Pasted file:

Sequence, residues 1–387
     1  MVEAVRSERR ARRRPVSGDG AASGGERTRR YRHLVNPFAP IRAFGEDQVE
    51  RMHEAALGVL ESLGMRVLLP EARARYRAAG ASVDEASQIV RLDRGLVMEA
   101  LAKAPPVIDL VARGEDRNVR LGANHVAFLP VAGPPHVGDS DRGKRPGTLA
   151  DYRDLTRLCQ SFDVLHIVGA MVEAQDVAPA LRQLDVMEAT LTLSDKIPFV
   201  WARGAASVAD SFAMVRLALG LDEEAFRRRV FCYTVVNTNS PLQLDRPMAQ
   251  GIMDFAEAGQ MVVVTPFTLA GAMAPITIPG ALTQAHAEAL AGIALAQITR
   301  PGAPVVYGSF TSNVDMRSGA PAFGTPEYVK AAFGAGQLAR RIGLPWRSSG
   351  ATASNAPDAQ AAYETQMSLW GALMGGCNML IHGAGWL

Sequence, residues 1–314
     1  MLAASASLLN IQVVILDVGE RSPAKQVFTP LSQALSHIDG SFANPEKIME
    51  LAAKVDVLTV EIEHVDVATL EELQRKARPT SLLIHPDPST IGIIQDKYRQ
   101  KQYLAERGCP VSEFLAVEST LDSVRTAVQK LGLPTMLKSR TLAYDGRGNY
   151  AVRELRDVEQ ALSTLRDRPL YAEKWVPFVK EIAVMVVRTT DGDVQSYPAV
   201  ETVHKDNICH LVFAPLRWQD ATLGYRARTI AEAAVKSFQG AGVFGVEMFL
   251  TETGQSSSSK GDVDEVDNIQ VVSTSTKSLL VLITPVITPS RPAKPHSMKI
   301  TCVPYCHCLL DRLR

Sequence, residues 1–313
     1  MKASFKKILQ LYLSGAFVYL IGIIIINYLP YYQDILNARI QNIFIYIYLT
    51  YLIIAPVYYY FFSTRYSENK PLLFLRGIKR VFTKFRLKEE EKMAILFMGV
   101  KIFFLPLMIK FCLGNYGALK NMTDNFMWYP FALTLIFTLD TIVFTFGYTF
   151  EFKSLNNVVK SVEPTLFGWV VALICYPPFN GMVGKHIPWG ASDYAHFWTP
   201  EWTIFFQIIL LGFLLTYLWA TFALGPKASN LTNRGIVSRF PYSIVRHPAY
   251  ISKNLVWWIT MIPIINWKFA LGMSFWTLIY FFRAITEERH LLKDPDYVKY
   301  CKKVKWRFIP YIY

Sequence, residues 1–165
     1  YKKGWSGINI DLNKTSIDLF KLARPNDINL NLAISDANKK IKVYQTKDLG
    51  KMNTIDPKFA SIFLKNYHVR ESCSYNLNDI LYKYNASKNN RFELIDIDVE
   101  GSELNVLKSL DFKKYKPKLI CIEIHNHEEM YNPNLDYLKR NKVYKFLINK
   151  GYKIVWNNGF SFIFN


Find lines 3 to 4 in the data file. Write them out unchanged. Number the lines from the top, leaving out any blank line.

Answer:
    51  RMHEAALGVL ESLGMRVLLP EARARYRAAG ASVDEASQIV RLDRGLVMEA
   101  LAKAPPVIDL VARGEDRNVR LGANHVAFLP VAGPPHVGDS DRGKRPGTLA